Around this time of year everything in the garden starts to grow so fast you can nearly watch it moving upwards. Everything green is surging towards the light and much of what grows fastest are things that gardeners traditionally do not want; forget me nots, goose grass, greater celandine, stinging nettles, dead nettles and alkanet are the most noticeable in my garden, but there are others as well. My intention is to refrain from intervening with the garden unless absolutely necessary, with the aim of letting nature get on with what she does best – growing diverse and healthy plants, supporting soil life, and other above ground life such as insects, beetles, spiders, even slugs and snails to feed the birds.
Despite knowing all this it nevertheless takes some resolution not to follow years of habit and just start removing the aforementioned goose grass, nettles etc wholesale. That is how I used to garden; and very laborious it was too. I do remove some plants at this time of year, but selectively. Yesterday I spent about quarter of an hour walking round, peering and with a pair of scissors snipping away at a greater celandine, stinging nettles, alkanet and dead nettles that were swamping the area where I am eagerly awaiting the appearance of asparagus. .
This was the only place where it looked as though the “weeds” were potentially going to cause an imminent problem but other areas are being carefully watched. I can remember the previous two springs feeling quite anxious that the garden would become overgrown and nothing would cope, but this did not prove to be the case. If they have not grown too invasively beforehand when I need space for young plants or when the Jerusalem artichoke, Chinese artichoke, yams and skirret appear then I will clear aside plants that are not needed and gently lay them to rest and decompose where they grew.
To illustrate what this medley of veggies and “weeds” looks like here are two photos. The first of the new polyculture patch created under trees last autumn (see blog of September 30 2011 http://annisveggies.wordpress.com/2011/09/30/creating-a-new-polyculture-bed/) which has leeks and field beans growing plus a selection of other plants. In due course I will remove some of nettles, I do generally pull up goose grass as I go around (as it is particularly fast growing) so this will go when I am there without camera in hand, the bluebells will die back in a few weeks. Then there will be room for more veggies.
The second photo is of a patch of Babington leeks which are almost obscured by forget me nots and a large dandelion. I am keeping my eye on this and will take action to remove or cut back the non food plants if they get more boisterous.
I am pretty sure that the neighbours think I am at least a bit odd, and it does take some conviction to go against the prevailing notions, not least because much of my garden is to the front of the property. Also this approach runs counter to the thought that leaving “weeds” in place will deplete the garden of nutrients. I am working from the opposite point of view which is that by keeping plants in the soil I am helping nature to keep life going above and below ground level. By this means nutrients are actually being held in place (in the physical bodies of all that life and in the decomposing remnants of what was recently alive). So far the evidence of my eyes and the harvests I am getting is that this is working, but of course time will tell if this is a correct assumption or if I am barking up the wrong tree.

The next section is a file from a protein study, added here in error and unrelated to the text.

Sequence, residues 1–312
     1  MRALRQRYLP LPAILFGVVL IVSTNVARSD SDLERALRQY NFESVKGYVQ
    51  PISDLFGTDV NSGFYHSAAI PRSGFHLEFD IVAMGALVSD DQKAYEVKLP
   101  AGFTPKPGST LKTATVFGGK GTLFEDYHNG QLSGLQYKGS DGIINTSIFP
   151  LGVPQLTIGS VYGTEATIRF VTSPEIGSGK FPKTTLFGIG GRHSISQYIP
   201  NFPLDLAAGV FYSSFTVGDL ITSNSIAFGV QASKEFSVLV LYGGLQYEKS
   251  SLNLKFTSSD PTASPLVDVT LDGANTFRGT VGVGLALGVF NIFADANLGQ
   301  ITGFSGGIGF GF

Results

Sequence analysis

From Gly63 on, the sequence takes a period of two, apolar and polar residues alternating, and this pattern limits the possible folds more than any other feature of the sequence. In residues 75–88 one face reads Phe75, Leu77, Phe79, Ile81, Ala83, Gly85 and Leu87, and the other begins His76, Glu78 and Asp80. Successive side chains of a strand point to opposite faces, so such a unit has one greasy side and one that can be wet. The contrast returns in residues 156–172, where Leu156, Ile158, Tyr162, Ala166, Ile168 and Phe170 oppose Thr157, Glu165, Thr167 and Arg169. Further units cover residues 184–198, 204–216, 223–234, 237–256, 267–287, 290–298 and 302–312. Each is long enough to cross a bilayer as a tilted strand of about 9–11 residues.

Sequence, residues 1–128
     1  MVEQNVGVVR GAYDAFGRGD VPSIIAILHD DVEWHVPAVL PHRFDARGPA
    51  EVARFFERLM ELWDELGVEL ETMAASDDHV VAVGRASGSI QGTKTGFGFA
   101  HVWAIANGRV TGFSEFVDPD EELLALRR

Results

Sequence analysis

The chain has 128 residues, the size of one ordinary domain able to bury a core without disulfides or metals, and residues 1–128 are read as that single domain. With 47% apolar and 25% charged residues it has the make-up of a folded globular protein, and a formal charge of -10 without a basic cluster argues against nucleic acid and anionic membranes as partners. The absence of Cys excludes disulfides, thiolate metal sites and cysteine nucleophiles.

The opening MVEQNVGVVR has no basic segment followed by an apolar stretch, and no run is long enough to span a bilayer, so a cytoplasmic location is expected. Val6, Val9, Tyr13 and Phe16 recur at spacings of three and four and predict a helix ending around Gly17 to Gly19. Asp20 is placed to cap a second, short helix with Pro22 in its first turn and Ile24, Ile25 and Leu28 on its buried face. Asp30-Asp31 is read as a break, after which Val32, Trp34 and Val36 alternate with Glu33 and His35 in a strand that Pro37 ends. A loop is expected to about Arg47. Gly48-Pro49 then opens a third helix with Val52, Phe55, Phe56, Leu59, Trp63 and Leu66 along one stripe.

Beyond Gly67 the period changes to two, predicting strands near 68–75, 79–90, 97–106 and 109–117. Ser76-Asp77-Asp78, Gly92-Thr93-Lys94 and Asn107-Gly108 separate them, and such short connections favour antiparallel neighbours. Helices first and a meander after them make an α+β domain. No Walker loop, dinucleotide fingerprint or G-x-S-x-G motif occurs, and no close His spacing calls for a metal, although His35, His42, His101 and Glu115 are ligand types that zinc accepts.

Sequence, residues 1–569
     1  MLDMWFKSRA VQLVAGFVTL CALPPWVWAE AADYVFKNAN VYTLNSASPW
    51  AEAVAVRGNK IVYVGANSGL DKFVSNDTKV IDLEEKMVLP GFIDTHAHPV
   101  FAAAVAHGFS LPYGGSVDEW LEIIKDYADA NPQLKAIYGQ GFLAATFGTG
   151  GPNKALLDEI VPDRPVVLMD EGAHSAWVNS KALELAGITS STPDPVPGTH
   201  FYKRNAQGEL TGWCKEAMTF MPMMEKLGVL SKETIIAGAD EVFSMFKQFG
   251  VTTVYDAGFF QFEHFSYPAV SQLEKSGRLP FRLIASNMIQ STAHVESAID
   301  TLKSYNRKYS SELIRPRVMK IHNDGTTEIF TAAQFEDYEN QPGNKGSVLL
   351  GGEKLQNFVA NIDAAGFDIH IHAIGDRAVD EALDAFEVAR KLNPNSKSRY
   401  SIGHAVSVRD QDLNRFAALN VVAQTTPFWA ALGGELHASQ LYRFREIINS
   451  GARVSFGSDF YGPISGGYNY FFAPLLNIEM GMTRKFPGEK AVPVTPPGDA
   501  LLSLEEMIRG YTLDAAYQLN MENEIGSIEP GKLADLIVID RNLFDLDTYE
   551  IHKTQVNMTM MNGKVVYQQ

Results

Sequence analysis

Happily this approach means I have plenty of time to enjoy the garden and far less work than ever before when I grew no veggies, just tried to keep an assortment of flowering plants and shrubs happy. Now there are flowers everywhere – today there are dandelions which look radiant in the spring sunshine, carpets of bluebells, clouds of sweet cicely, delicate bells of three cornered leek and cheery globes of wild garlic.
I have just been out to gather greens for tea tonight, making the most of the ongoing shoots on the various kales – there is a small head from a nine star perennial broccoli that I planted under trees last year as there was nowhere else. Not huge, but by putting it in there I have something where once was nothing. Purple sprouting broccolis offered up their main sprouting heads some weeks back but they are now giving a second crop of smaller heads. Other kales are trying to flower and as fast as they produce flower stems I try to pick them off and eat them. We can’t eat quite enough to prevent it altogether but I am happy with the sight of a tall red Russian kale with its’ contrasting yellow flowers.
PS I used a different feature on WordPress to produce this blog and ended up with the first two photos going all across the page, not sure how to rectify this but will go back to the way I know best next time!